Friends at work Featured

8:00pm EDT July 26, 2007

Getting together with the gang after work can be fun — and, as a survey suggests, may be good for business.

Fifty-seven percent of executives recently polled said that office friendships help on-the-job performance for employees; 63 percent of the employees themselves agreed. But managers and employees aren’t as aligned when it comes to just how beneficial it is to have buddies on the job: Twenty-two percent of employees said befriending coworkers has a “very positive” impact on productivity while only 2 percent of managers felt as strongly.

The surveys, developed by Accountemps — the world’s first and largest specialized staffing service for temporary accounting, finance and bookkeeping professionals — included responses from 150 senior executives and 519 full- or part-time office workers.

“Friendships at work establish that people get along and can work well together,” said Lisa Morgan, branch manager at Accountemps in Akron, Ohio. “Friendships can be a wonderful win-win for both the employee and the company and create a very nice team atmosphere.”

Smart Business spoke with Morgan about the benefits, as well as some drawbacks, to mixing friendships and work responsibilities.

Since friendships can help productivity in the workplace, what can managers do to encourage friendships in the office environment?

Supervisors can create an environment where coworkers are encouraged to celebrate each other’s successes. This can be done through team-building lunches, trainings, retreats and brainstorming sessions. It is beneficial to try and get workers outside the office environment, since this often helps foster friendships.

In the survey, managers were less enthusiastic in their response about how friendships affect work productivity in the office. Why do you think they have a different view about this?

Because managers have a different level of responsibility, they probably tend to look at friendships with a more critical eye. For example, as an employee, I might think it would be wonderful to work with all of my friends, and I might not think of the consequences of how it might affect my work performance — positively or negatively. As a manager, however, I would view this more critically. I would think how this could impact the work environment if it is not managed correctly.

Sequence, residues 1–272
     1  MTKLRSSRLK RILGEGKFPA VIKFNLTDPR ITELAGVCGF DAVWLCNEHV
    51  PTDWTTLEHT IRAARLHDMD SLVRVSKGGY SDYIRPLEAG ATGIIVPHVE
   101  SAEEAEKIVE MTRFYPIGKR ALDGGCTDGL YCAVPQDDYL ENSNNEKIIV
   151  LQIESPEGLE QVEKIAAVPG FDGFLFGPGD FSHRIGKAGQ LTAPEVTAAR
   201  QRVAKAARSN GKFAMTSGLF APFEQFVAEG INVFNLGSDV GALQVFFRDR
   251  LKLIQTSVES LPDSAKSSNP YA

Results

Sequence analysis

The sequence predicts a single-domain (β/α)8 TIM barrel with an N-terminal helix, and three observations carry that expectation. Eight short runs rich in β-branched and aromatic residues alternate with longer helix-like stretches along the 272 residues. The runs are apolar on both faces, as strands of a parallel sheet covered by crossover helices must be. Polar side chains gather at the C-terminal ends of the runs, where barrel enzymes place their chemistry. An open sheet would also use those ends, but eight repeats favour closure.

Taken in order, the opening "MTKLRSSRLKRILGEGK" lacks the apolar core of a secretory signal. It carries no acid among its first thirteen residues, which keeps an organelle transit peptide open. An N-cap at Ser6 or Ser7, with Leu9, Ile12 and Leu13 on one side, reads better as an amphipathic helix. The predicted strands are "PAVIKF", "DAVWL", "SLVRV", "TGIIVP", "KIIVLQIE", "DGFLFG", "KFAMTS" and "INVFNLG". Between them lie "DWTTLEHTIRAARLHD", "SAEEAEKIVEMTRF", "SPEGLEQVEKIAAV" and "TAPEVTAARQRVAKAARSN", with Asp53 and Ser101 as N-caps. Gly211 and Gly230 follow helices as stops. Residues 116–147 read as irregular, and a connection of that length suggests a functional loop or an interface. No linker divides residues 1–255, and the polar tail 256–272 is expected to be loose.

What might be some of the downsides to having friendships at work?

There might be several. For one, if the friendship starts to exclude other people, it might have a negative impact on morale within a department. Another would be bringing too much personal talk into the office environment, such as talk about weekend plans, what they did last night — in general, just too much socializing.

From a manager’s standpoint, it is important for everyone to be an equal part of the team and intense friendships can be viewed as clique-ish. A way a manager can handle this would be to occasionally form work groups using different departments (if that’s appropriate) to tackle projects.

The manager might also want to talk to the friends if too much socializing is preventing workflow, or excluding other individuals in the office. Friends may not even realize they are excluding others, and just pointing it out in a non-threatening way may be enough for them to start including others, or to pare down the idle chit-chat that might be going on.

Is there a way for a manager to bring these issues up without discouraging the friendship?

It is a fine line, but a good manager will not want to discourage a positive friendship. The key is to keep the lines of communication open with employees and have one-on-one conversations with the friends should problems arise. These issues should never be aired in public. It is important for the manager not to give the impression that there is something wrong with having a friend in the office, only that behavior such as excluding others, or too much socializing is impacting workflow or morale.

Office friendships are one thing, but what about office romances?

Having an office romance is vastly different from having office friendships. It’s taking office friendship to the extreme level, and some view it as crossing the line. Most managers view this as unprofessional and having the potential of wreaking havoc on office morale. If it does happen, the public display of affection needs to be non-existent during office hours, and the couple should not be exclusively with each other every second of the day. Overall, it is a very hard line to walk. If friendships can become cliquish, romantic relationships are the extreme version of this that can really shut other people out.

LISA MORGAN is a branch manager with Accountemps based in Akron, Ohio. Accountemps has more than 350 offices throughout North America, Europe and the Asia-Pacific region, and offers online job search services at www.accountemps.com. Reach Morgan at (330) 253-8367 or lisa.morgan@rhi.com.